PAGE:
Many people, authors and players alike, have been wondering just how I decide what to post here and why so here are some answerers to my most asked questions about rating levels.
Who is this guy and why does he think he knows everything?
I'm just a player who is hopelessly hooked on first person shooters.
I have played thousands of single player levels in Doom, Doom2, Ultimate doom, any doom, Duke3d, Hexen, Hexen2, Quake, and now Quake2. I started reviewing levels when Quake came out as a tribute to all those level authors which spend countless hours of their time just so lazy slobs like myself can have some more fun.
I don't and will never know everything about levels but do have a pretty good feeling for them and pretty much know if they are any good or not. At this time I have a fine machine to play on. It's a Dell xpsM200s with 64 Megs of screaming sdram and a Diamond monster 3dfx card for great gl performance.
I have even made some attempts with WorldCraft and Qoole at level editing myself but my maps are so ugly I wouldn't even give them to my ex-mother-in-law so I will just stick to playing and reviewing them.
Why wont you give these levels a numerical rating?
I would really rather spend my time playing levels and putting them up on this site for your enjoyment instead of spending countless hours of my time writing e-mail about why a level got a 4 instead of a 5. If the authors wish for more input on their levels they only have to send an e-mail about it and I will be more than happy to tell them.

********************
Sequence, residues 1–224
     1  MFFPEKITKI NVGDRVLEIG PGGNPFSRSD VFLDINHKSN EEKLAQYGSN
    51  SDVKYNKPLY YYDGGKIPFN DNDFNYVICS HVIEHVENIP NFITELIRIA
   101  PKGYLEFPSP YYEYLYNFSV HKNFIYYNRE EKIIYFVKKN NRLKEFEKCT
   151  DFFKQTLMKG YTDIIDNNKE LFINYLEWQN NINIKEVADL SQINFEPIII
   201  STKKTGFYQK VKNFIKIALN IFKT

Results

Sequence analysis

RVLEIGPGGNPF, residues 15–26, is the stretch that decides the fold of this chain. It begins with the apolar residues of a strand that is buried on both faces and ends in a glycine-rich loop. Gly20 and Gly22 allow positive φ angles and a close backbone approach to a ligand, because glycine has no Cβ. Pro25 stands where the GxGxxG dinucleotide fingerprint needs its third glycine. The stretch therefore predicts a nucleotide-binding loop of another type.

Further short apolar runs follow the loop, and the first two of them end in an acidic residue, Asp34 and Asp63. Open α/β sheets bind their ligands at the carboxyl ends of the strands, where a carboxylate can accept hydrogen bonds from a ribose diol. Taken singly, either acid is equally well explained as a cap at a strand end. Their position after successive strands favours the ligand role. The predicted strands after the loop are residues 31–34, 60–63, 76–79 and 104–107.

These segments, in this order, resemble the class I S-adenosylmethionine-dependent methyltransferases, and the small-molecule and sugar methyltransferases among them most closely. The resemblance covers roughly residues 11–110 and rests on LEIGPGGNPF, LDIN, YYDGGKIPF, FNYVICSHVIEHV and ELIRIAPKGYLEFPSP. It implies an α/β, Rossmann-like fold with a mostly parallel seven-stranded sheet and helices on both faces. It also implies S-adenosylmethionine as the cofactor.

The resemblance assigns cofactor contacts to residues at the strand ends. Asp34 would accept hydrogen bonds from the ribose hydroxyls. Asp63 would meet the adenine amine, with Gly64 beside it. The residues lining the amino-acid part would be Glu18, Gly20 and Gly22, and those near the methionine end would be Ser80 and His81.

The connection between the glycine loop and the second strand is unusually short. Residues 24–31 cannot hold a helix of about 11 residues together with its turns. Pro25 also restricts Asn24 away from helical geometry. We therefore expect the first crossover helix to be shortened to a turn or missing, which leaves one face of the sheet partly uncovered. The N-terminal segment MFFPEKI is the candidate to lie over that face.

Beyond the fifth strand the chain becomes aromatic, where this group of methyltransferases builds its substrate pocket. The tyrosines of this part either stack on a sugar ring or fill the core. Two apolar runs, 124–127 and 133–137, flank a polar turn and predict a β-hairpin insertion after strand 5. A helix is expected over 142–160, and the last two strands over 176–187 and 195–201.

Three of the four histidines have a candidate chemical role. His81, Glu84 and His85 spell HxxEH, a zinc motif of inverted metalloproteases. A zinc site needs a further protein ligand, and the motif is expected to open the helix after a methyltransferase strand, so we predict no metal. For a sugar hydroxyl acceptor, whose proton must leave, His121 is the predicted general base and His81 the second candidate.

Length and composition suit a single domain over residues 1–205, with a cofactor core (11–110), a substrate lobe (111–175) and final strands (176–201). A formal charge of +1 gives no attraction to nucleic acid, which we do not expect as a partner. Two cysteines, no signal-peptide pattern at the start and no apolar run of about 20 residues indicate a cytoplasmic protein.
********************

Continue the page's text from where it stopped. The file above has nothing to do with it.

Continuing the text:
As long as I can post great levels for the majority of people to play and be happy with, it should be good enough. This is one of the key factors for me not to get burned out on this job and to be able to provide you with a place to get great levels you know you will enjoy.
How do you rate these levels? What criteria do you use? I am not an English major so please bare with me for a few minutes while I try to explain my thoughts about the following things which can make a level great to me.
Architecture and textures
I really like good, well constructed levels. If there are a lot of eye appealing things to look at while playing it makes the overall game experience much better for me.
I look at most of the textures used and will notice just about any flaw in the texture alignment. Texture alignment is one of the things that will make or break the level for me. Here are some questions that run through my mind while evaluating the level.
Does everything look right?
Do the buttons and other small things look like they are all there?
When you change from one texture to another does it look right?
Do the textures change in all of the areas of this level so I feel I know where I am at all times?
Too much of one texture can be pretty hard on my eyes and contribute to me getting lost in a level.
Gameflow and design
Good gameflow will really add to a levels greatness. I know there is good gameflow when I always know what or where to do or go next and I can get there in a reasonable amount of time and there aren't any noticeable slowdowns in the game. One of the most frustrating things to me is to be in the heat of battle and your whole world slows down and becomes choppy. When I play a level where there are dead ends and doors that wont open I really get frustrated.
I prefer levels that make you go from a-b-c-d- the end.
I can stand some backtracking but really would rather discover different places to go in the level.
Another important thing is in the design of the level. If the player is especially adventurous, can he get stuck somewhere in the level with no option but to noclip out? Some of the levels I have played made the player bounce back and forth so many times he or she could get dizzy and disorientated!
Lighting and ambience